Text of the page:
Exhibition Available from spring 2022

Waste Age: touring exhibition

We are living in the age of waste. Is design the answer to leaving our throwaway culture behind?

#EndTheWasteAge

What’s in the exhibition?

We all know waste is a big problem. So how are we going to fix it?

A new generation of designers is rethinking our relationship to everyday things. From fashion to food, electronics to construction, even packaging - finding the lost value in our trash and imagining a future of clean materials and a circular economy could point the way out of the Waste Age.

Explore major new exhibits that capture the devastating impact of waste including a large-scale art installation by Ibrahim Mahama made from e-waste in Ghana.

The exhibition showcases some of the visionary designers who are reinventing our relationship with waste, including Formafantasma, Stella McCartney, The Ellen MacArthur Foundation, Lacaton & Vassal, Fernando Laposse, Bethany Williams, Phoebe English and Natsai Audrey Chieza.

'We must face the problem of waste – we can no longer ignore what happens to things when we get rid of them. Instead of thinking of objects as things that have an end life, they can have many lives. This is not just an exhibition it is a campaign, and we all have an active part in our future.' Gemma Curtin, Curator.

Available from Spring 2022

A discarded bale of jeans, waiting to be recycled into Circulose — a new material made by recovering cotton from worn-out clothes for new garments. Image by Alexander Donka/Renewcell.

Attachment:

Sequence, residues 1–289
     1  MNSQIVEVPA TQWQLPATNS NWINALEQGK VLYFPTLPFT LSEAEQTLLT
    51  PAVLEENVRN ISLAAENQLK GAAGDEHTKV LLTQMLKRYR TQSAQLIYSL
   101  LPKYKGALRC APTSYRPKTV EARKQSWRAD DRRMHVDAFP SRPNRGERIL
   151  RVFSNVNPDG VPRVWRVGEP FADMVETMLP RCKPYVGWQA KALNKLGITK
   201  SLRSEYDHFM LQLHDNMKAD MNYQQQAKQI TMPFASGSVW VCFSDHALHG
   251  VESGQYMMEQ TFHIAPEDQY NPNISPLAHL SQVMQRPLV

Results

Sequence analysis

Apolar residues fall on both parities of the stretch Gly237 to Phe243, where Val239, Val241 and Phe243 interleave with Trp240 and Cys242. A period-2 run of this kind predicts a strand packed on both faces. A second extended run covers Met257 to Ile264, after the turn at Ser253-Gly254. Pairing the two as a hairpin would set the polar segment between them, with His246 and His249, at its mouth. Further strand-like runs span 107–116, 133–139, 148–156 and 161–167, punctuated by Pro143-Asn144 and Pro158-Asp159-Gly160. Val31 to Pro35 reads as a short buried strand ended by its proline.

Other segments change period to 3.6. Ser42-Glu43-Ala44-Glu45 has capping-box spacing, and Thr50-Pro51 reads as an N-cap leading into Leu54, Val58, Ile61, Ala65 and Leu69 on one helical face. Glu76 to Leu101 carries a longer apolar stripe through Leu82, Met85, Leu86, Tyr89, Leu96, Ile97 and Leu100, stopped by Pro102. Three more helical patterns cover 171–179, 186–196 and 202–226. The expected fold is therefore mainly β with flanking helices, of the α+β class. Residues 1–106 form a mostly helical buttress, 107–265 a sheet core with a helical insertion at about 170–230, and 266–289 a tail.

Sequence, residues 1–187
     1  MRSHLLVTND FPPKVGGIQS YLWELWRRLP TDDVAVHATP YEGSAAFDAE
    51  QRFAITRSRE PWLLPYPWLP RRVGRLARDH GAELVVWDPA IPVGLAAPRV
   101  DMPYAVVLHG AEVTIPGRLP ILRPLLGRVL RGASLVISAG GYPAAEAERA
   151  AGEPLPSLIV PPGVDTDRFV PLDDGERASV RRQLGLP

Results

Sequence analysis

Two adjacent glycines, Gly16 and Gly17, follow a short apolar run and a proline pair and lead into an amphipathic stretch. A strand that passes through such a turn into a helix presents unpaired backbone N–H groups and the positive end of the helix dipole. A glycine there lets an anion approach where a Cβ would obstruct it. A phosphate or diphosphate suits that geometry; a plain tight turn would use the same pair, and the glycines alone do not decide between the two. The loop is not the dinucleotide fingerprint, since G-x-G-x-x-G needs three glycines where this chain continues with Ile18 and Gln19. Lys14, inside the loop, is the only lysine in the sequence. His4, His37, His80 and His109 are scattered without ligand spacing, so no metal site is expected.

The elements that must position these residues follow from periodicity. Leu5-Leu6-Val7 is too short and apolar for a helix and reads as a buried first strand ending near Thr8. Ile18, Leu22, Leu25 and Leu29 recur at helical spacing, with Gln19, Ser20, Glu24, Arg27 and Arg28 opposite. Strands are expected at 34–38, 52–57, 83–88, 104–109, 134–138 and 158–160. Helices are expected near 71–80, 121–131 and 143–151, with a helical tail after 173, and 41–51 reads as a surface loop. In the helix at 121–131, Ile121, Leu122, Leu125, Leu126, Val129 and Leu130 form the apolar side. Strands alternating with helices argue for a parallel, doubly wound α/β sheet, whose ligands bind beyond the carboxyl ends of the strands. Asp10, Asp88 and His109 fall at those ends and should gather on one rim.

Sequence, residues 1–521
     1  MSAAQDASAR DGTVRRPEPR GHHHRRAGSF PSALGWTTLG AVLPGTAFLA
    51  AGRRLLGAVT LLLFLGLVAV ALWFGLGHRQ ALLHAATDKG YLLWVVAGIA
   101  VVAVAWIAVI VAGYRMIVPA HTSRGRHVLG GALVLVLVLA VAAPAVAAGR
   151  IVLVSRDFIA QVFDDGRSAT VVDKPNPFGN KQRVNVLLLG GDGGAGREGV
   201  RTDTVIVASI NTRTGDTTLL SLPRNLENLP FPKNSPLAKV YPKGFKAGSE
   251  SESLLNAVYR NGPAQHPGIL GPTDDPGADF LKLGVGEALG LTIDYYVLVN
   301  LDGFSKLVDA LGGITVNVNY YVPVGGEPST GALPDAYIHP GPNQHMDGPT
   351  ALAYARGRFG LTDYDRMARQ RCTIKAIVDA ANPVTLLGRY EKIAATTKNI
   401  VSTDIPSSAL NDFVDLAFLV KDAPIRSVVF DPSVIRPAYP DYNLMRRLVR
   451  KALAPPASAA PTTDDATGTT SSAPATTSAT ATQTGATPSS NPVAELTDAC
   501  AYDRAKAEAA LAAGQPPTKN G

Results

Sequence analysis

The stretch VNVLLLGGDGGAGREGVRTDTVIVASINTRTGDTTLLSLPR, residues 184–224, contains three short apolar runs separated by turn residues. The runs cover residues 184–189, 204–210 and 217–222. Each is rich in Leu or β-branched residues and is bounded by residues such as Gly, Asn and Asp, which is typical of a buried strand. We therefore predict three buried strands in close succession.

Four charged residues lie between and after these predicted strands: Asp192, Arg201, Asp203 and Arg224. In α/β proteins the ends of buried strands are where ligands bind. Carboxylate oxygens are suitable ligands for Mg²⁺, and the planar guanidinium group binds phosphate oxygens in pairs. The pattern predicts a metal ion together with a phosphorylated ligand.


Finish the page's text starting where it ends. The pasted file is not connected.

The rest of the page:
An e-waste sorting and recycling facility, Belgium. Image by Recupel.

An e-waste sorting and recycling facility, Belgium. Image by Recupel.

Lovely Trash Column by Blast studio — a 3D printed column made from mycelium fed and grown on coffee cup waste. Image by Blast.

S-1500 chair, designed by Snøhetta for Nordic Comfort Products made from discarded fishing nets. Image by Bjørnar Ovrebo.

Stella McCartney SU19 ECONYL® Jacket and Trousers made using regenerated nylon from fishing nets and factory waste.

Totomoxtle by Fernando Laposse — a new veneer material made with husks of heirloom Mexican corn. The project regenerates traditional, at risk, agricultural practices and preserves biodiversity for future generations.

Charlotte McCurdy and Phillip Lim, Sequin dress — made from algae bioplastic sequins on a biodegradable plant-based dress. Image by Ben Taylor.

Oxford Tire Pile , Westley, California, USA, 1999. Image by Edward Burtynsky, courtesy Flowers Gallery, London / Nicholas Metivier Gallery, Toronto.

Get in touch

For more information on this touring exhibition, contact the Touring team on +44 (0)203 862 5883.

Waste Age Exhibition Graphic Design by SPIN @spin_studio Design team: Eve Brook, Tony Brook, Vincent Herbet, Ewan Leslie, Jonas Zieher